Croatia yesterday began preparations for their first FIFA World Cup final after they came from behind to crush England’s hopes in an enthralling contest.
The Balkan nation of just 4 million people are to play France on Sunday after Mario Mandzukic’s extra-time winner in Wednesday’s semi-final prolonged England’s 52-year wait to reach a second World Cup final.
England roared into the lead in just the fifth minute through Kieran Trippier’s superb free-kick, but Croatia hit back through Ivan Perisic and Mandzukic to win 2-1 in front of 78,000 spectators at Luzhniki Stadium.
With the victory over Gareth Southgate’s young team, Croatia have surpassed the achievements of the heroes of 1998, when they reached the semi-finals in France in their first World Cup as an independent nation.
Their players celebrated wildly in the Russian capital, while in the Croatian capital, Zagreb, tens of thousands of fans poured onto the streets and squares, singing, setting off flares and waving red-white-and-blue flags.
Coach Zlatko Dalic’s side were clearly exhausted, but they battled through extra-time once again.
“This is fantastic,” Dalic said. “Two players played with half a leg, but it didn’t show. In extra-time nobody wanted to be substituted.”
“This shows character and is what makes me proud. Nobody gave up,” he said.
Croatia must recover quickly for Sunday’s showpiece — no easy feat after being taken to extra-time for a third consecutive match, meaning they have played the equivalent of one match more than France.
“We prepared to get to the final and we want to play it. Going to extra-time might be a problem along with the fact France have had an extra day to recover, but there will be no excuses,” Dalic said.
England’s players slumped onto the turf at the final whistle, barely able to believe that their hopes had been dashed after reaching a first semi-final since 1990.
“We’re gutted,” said Harry Kane, whose golden touch deserted him on Wednesday, but he is still on course to finish as the tournament’s top goal-scorer with six goals.
“It hurts, it hurts a lot. It’s going to hurt for a while, of course. We can hold our heads up high. It’s been a fantastic journey. We got further than anyone else could thought we would have,” he added.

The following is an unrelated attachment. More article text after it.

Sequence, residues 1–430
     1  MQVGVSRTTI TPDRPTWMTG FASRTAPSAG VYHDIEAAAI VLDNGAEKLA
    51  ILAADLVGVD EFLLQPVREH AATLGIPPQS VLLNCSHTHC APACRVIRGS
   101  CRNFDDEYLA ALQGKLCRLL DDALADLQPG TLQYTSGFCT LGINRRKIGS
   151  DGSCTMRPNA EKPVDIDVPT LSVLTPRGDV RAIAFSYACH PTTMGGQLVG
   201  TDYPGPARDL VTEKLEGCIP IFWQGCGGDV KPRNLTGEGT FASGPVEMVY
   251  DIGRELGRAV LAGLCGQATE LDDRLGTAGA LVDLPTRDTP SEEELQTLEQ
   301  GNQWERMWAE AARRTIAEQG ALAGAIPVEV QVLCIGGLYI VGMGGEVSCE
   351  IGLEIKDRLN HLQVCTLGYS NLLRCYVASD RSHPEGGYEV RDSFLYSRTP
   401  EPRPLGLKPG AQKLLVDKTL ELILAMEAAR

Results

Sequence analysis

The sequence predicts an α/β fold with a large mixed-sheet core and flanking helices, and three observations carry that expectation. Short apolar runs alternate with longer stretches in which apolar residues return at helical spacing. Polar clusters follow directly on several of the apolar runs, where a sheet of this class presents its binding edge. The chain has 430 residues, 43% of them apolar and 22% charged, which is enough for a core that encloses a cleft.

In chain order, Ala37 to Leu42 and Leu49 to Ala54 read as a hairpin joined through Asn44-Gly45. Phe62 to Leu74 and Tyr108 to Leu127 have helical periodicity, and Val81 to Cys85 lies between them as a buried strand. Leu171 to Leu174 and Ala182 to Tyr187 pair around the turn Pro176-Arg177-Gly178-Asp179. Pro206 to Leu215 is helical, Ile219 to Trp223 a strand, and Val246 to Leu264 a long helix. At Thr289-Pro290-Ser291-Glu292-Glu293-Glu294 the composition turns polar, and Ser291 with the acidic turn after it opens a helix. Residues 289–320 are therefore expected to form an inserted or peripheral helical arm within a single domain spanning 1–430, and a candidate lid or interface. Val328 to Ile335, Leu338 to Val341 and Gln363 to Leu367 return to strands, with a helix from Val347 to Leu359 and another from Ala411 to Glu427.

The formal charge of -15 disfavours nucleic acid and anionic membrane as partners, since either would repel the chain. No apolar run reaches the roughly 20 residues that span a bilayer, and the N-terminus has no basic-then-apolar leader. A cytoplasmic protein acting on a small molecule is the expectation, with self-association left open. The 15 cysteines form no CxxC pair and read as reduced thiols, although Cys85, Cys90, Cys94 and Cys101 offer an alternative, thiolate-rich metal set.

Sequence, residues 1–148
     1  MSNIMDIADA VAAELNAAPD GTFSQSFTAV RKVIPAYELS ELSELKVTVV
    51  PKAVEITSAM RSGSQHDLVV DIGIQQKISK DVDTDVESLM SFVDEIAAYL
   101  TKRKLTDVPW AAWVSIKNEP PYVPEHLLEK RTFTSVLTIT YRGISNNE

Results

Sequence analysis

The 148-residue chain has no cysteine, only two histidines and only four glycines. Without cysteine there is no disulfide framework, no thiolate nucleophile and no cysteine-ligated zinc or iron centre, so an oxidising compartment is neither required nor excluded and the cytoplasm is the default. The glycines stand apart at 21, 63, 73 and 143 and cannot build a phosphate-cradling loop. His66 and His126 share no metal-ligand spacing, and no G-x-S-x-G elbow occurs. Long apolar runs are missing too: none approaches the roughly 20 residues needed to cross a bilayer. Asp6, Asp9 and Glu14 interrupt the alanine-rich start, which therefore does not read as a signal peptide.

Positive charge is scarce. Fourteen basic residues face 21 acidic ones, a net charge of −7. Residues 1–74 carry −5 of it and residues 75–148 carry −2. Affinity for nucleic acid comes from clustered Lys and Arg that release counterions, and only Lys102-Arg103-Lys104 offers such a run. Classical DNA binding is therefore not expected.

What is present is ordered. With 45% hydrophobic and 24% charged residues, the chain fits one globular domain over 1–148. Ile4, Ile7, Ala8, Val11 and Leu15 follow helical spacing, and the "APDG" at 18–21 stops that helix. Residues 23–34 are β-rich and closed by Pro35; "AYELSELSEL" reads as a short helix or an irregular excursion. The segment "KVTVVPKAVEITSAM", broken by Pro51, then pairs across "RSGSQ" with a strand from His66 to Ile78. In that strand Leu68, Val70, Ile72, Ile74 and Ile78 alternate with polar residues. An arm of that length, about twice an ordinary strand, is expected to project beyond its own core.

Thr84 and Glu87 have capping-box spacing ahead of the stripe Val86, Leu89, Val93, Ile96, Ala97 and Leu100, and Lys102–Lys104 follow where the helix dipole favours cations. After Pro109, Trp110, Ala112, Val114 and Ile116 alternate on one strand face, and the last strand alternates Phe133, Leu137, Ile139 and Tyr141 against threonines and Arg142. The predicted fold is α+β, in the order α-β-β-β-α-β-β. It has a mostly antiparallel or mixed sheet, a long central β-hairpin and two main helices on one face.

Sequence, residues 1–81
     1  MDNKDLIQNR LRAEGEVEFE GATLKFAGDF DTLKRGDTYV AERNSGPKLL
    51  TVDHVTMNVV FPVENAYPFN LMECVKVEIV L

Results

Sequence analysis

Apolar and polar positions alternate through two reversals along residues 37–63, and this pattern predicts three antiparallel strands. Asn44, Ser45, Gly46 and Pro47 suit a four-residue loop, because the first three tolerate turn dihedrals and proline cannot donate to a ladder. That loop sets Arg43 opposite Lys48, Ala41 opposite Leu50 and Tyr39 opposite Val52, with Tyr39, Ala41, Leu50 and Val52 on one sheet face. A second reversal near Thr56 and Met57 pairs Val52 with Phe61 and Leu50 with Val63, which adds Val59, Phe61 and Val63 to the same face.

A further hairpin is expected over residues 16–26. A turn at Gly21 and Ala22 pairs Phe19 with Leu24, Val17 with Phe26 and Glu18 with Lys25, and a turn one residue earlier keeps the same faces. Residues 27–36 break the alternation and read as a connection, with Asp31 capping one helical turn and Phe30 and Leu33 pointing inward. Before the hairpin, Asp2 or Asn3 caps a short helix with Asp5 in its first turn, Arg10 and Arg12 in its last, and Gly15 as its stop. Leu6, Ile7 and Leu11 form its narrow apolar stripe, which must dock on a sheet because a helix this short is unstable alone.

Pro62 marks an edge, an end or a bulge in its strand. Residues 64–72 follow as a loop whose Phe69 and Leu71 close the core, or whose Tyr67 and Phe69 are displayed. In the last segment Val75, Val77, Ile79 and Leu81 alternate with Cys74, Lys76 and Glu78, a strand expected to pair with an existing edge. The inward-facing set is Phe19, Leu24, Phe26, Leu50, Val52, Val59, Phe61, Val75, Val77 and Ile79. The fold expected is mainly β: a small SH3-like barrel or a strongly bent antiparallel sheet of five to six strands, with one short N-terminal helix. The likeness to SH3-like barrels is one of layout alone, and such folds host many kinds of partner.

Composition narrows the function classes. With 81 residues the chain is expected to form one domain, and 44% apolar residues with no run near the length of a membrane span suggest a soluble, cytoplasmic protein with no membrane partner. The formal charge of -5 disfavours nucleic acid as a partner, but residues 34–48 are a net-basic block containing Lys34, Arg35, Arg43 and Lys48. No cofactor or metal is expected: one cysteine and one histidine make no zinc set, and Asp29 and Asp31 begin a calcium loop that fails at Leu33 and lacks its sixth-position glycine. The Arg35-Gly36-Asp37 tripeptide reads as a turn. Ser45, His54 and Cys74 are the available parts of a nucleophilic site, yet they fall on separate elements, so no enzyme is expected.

Having led for more than an hour, the defeat will be difficult for England to digest, but their young team have won many admirers in Russia.
“I can’t ask for more from the players,” Southgate said. “I think knockout football is about fine margins and when you have good spells against fine sides you need to take your chances.”
“Tonight we weren’t quite there, but we will learn from that. We left everything out there,” he added.
In London, an initial wave of elation turned to heartbreak as 30,000 beer-soaked fans in Hyde Park watched their team come up short.
Trippier gave England a dream start, curling in a free-kick past the despairing dive of Danijel Subasic after Dele Alli was brought down in a central position.
Croatia started to find their range in the second half and Perisic leveled for Croatia in the 68th minute, nipping ahead of Kyle Walker to steer home Sime Vrsaljko’s cross past a diving Jordan Pickford.
The game went into strength-sapping extra-time and Mandzukic scored the winning goal in the 109th minute, sweeping the ball low past Pickford after Perisic’s header back into the area caught the England defense on the hop.
Prince William, president of the Football Association, said that despite the defeat, England could be proud of Southgate’s team.
“I know how disappointed @england must feel right now but I couldn’t be more proud of this team and you should hold your heads high,” he said on Twitter.
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